• If MS-DOS or Windows 95/98/ME is found on the active partition, the original boot sector is saved to a file named BOOTSECT.DOS in the root directory of the active partition. The FreeLoader boot code is then written to the boot sector of the active partition. FreeLoader thus becomes your primary boot manager, and from its boot menu you will be able to boot both ReactOS and your pre-existing operating system
    • MS-DOS and Windows 95/98/ME are detected by the presence of the files MSDOS.SYS and IO.SYS in the root directory of the active partition
    • To uninstall FreeLoader, boot from a MS-DOS or Windows Restore floppy disk, and run the command "SYS C:". After this, the BOOTSECT.DOS file can be safely deleted
  • If none of the known operating systems is found on the active partition, the original boot sector is saved to the file BOOTSECT.OLD in the root directory of the active partition. The FreeLoader boot code is then written to the boot sector of the active partition. FreeLoader thus becomes the primary boot manager. Note that you will have to edit the FREELDR.INI configuration file by yourself to boot the pre-existing operating system, because FreeLoader has no knowledge of how to do it.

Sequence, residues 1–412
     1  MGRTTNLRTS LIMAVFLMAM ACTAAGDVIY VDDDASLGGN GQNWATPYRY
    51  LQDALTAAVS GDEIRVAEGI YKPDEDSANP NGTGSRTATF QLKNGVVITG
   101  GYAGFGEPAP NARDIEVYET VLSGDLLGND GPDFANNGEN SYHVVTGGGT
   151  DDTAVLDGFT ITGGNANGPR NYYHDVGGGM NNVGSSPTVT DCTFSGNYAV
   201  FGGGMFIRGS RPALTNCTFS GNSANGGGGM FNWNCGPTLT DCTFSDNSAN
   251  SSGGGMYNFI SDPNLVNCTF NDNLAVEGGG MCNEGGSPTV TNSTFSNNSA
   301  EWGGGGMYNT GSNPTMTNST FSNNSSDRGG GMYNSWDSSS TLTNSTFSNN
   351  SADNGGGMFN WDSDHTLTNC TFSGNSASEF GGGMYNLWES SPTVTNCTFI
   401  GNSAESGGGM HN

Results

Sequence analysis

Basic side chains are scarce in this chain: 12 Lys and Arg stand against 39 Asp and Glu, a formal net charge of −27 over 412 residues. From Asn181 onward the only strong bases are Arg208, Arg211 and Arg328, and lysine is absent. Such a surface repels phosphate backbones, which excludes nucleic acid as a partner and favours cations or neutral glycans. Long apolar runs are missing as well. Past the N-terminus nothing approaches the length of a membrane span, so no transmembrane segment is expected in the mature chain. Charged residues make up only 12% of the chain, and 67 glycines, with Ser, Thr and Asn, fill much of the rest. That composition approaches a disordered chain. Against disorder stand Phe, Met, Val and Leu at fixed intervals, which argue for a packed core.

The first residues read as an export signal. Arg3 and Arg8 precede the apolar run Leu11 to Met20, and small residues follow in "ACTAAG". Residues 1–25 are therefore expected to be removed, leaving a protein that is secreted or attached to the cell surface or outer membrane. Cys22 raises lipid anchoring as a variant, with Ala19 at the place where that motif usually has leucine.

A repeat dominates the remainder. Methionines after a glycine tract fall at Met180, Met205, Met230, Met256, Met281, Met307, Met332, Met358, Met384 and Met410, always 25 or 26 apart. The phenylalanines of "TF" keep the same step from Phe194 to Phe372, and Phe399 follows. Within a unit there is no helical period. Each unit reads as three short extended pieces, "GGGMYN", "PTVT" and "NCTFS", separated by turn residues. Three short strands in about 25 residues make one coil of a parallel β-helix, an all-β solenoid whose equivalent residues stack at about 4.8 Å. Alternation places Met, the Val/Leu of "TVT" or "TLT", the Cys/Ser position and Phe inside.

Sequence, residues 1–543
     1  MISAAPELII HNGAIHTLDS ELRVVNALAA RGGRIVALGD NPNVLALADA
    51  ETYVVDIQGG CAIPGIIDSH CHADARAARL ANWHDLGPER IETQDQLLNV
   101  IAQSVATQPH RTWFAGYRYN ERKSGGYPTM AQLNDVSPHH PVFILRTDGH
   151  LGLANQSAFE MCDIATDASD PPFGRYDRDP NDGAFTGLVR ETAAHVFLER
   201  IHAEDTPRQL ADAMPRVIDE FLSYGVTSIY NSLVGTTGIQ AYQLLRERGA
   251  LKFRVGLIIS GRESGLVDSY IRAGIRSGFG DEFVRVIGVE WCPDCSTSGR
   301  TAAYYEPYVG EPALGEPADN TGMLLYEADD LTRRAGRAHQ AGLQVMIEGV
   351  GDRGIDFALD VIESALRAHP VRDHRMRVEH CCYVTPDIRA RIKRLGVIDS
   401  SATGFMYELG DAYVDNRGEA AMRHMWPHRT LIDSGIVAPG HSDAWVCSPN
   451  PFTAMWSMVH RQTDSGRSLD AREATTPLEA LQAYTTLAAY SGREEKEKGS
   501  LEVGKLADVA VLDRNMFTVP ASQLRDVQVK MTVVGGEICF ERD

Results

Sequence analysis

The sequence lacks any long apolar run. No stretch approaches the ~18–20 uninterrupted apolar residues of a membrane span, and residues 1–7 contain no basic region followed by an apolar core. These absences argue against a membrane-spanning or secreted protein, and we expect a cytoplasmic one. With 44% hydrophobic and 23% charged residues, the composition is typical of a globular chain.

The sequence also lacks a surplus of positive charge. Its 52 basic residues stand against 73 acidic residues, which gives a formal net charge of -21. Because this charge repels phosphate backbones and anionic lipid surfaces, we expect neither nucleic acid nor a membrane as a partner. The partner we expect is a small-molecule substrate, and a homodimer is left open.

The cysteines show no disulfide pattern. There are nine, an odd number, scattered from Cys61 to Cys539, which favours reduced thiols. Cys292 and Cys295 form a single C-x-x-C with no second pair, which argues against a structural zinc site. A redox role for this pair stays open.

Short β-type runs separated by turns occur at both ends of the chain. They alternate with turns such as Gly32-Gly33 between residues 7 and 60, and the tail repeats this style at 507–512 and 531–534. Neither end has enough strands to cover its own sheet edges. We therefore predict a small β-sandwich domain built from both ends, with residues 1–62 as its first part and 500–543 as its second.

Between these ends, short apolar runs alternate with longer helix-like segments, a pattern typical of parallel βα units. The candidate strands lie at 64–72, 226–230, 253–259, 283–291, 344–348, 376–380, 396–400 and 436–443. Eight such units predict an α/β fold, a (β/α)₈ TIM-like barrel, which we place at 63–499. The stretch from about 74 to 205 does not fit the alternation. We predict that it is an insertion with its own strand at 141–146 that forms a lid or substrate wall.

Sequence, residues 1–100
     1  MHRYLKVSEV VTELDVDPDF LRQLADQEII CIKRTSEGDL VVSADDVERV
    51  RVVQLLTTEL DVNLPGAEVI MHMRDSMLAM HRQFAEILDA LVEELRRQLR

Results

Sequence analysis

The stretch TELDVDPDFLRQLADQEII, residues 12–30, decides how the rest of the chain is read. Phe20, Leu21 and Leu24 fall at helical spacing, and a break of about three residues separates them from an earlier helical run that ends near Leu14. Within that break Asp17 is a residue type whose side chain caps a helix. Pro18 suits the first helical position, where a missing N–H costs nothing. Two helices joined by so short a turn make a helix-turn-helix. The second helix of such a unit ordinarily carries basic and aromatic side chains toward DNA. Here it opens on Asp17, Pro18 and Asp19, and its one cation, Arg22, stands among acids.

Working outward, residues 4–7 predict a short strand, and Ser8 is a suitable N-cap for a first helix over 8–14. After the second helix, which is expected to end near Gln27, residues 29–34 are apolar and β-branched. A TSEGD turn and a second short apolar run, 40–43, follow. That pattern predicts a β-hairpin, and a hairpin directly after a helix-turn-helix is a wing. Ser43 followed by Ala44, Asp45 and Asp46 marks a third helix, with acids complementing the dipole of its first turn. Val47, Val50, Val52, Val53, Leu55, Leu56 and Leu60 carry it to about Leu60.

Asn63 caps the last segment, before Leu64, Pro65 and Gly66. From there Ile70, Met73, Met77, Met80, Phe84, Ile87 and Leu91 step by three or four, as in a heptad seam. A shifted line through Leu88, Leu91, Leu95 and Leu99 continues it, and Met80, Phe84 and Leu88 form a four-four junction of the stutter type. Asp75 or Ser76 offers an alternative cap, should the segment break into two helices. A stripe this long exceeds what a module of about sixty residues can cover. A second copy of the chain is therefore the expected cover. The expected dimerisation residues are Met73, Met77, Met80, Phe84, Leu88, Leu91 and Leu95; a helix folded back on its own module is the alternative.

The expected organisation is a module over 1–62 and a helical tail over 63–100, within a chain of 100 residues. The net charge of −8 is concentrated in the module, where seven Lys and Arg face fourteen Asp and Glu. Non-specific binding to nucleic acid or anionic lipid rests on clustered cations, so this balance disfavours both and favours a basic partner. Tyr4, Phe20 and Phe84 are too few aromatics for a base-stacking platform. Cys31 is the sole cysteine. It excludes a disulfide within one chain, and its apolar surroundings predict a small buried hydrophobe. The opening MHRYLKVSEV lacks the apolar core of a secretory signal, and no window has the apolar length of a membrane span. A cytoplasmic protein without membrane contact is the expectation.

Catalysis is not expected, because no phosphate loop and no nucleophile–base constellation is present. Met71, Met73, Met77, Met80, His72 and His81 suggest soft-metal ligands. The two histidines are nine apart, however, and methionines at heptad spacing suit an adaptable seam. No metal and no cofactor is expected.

• To uninstall FreeLoader, restore the boot sector of the active partition from the BOOTSECT.OLD file. The details on how to do so are dependent on the operating system you are running

Note: If the active partition uses a FAT32 filesystem, the boot code does not fit into a single sector. Microsoft uses sectors number 0 and 12, while FreeLoader uses sectors number 0 and 14, so there should not be any conflicts with existing boot loaders.

Note: The support for other operating systems will be improved in the future


Installing ReactOS on the Bochs emulator

Emulators

An emulator is a software program that provides a virtual hardware platform. Software instructions that would be run on hardware are now interpreted by the emulator software. This allows you to "run" a different kind of computer hardware and its software in a window on your computer. Although the performance of the software run on a virtual computer will be much slower than on real hardware, it provides several advantages: